Limberis, Vasiliki. “Mary 1,” in Carol Meyers, Toni Craven and Ross S. Kraemer, eds., Women in Scripture: A Dictionary of Named and Unnamed Women in the Hebrew Bible, the Apocryphal/Deuterocanonical Books, and the New Testament, 116-19. Grand Rapids, MI, and Cambridge, England: William B. Eerdmans Publishing Company, 2000.
MacRae, George W. and R. McL. Wilson, “The Gospel of Mary,” in James M. Robinson ed., The Nag Hammadi Library, 471-74. New York: Harper & Row, Publishers, 1977.
“Mary Magdalene,” in F. L. Cross and E. A. Livingston (eds.), The Oxford Dictionary of the Christian Church, 884. Oxford: Oxford University Press, 1988.
Miller, Robert J. Born Divine: The Births of Jesus and Other Sons of God. Santa Rosa, CA: Polebridge Press, 2003.
Osiek, Carolyn. “Mary 3,” in Carol Meyers, Toni Craven and Ross S. Kraemer, eds., Women in Scripture: A Dictionary of Named and Unnamed Women in the Hebrew Bible, the Apocryphal/Deuterocanonical Books, and the New Testament, 120-23. Grand Rapids, MI, and Cambridge, England: William B. Eerdmans Publishing Company, 2000.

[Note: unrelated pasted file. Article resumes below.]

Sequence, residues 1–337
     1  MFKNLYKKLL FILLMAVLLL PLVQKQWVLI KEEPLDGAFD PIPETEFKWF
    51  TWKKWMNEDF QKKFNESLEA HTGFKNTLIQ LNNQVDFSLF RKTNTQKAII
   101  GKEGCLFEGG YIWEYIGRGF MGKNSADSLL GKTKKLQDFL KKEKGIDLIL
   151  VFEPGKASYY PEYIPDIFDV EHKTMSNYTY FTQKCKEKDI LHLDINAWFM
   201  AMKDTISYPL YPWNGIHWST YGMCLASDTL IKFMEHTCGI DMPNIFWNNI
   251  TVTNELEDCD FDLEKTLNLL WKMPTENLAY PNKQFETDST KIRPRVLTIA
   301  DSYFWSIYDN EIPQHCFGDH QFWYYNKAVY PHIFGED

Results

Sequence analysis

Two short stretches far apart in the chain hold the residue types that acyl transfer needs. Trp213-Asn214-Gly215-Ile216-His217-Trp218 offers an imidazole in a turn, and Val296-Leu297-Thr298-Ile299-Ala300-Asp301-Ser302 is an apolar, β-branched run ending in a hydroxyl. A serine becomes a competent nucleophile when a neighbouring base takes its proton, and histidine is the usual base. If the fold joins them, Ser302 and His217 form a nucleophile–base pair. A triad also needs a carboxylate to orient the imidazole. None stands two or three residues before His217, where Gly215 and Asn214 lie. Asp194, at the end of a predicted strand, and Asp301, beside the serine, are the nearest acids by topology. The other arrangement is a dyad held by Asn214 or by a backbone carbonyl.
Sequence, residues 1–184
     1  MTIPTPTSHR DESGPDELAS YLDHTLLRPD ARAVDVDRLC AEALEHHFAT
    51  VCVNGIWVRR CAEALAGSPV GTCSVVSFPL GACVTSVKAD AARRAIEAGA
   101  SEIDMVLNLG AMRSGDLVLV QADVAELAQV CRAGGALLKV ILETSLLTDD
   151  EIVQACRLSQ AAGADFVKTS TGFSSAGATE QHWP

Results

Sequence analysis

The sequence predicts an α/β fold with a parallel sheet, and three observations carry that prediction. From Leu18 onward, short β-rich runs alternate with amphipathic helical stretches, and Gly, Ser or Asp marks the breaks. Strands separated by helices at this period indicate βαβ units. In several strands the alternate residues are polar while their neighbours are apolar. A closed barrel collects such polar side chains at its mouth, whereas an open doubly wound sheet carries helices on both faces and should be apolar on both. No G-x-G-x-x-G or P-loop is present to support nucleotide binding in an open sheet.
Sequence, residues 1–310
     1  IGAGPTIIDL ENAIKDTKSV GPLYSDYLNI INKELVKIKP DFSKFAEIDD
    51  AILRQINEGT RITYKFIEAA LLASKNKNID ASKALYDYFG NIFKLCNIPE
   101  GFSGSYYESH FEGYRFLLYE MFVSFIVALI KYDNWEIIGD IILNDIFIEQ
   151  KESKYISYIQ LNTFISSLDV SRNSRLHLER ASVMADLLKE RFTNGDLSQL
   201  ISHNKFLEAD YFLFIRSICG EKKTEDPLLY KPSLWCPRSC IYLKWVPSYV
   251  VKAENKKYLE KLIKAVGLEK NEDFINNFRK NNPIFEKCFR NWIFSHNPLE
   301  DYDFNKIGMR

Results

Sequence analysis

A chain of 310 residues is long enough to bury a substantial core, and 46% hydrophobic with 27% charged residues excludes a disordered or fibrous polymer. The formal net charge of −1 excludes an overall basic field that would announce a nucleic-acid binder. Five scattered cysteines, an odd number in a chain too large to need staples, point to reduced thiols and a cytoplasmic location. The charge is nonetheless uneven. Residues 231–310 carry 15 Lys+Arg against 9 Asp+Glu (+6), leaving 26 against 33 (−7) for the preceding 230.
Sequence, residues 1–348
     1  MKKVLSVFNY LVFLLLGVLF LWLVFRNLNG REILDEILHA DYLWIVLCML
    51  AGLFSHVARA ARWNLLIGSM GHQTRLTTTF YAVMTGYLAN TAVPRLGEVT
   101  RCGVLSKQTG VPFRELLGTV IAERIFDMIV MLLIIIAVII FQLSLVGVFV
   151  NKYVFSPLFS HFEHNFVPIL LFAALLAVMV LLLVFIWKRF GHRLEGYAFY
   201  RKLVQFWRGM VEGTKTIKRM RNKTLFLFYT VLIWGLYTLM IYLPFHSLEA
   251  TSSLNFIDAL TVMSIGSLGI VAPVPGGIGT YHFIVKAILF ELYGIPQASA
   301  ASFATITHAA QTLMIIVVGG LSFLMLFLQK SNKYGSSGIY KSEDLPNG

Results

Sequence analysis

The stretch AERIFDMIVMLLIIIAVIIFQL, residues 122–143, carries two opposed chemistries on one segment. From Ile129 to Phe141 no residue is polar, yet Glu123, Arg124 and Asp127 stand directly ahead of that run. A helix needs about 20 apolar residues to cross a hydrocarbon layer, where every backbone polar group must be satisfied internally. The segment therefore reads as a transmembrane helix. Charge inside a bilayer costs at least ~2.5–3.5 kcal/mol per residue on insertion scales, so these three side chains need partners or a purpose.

Overman, J. Andrew. “Mary Magdalene,” in Bruce M. Metzger and Michael D. Coogan, eds., Oxford Companion to the Bible, eds., 499. New York and Oxford: Oxford University Press, 1993.
Puech, Henri-Charles. “The Gospel according to Mary,” in Wilhelm, Schneemelcher, ed., New Testament Apocrypha. Vol. One: Gospels and Related Writings, 340-44. English translation edited by Robert McL. Wilson. Philadelphia: The Westminster Press, 1963. First published in German, Tübingen: J.C.B. Mohr, 1959.
Puech, Henri-Charles. “The Pistis Sophia,” in Wilhelm, Schneemelcher, ed., New Testament Apocrypha. Vol. One: Gospels and Related Writings, 250-59. English translation edited by Robert McL. Wilson. Philadelphia: The Westminster Press, 1963. First published in German, Tübingen: J.C.B. Mohr, 1959.
Robinson, James M., ed. The Nag Hammadi Library. New York: Harper & Row, Publishers, 1977.
Schlumpf, Heidi. “Who Framed Mary Magdalene?” US Catholic, 2008.
Thompson, Mary R., SSMN. Mary of Magdala: Apostle and Leader. New York and Mahwah, NJ: Paulist Press, 1995.
Walker, Barbara G. “Mary Magdalene,” The Woman’s Encyclopedia of Myths and Secrets, 613-15. San Francisco: Harper and Row, 1983.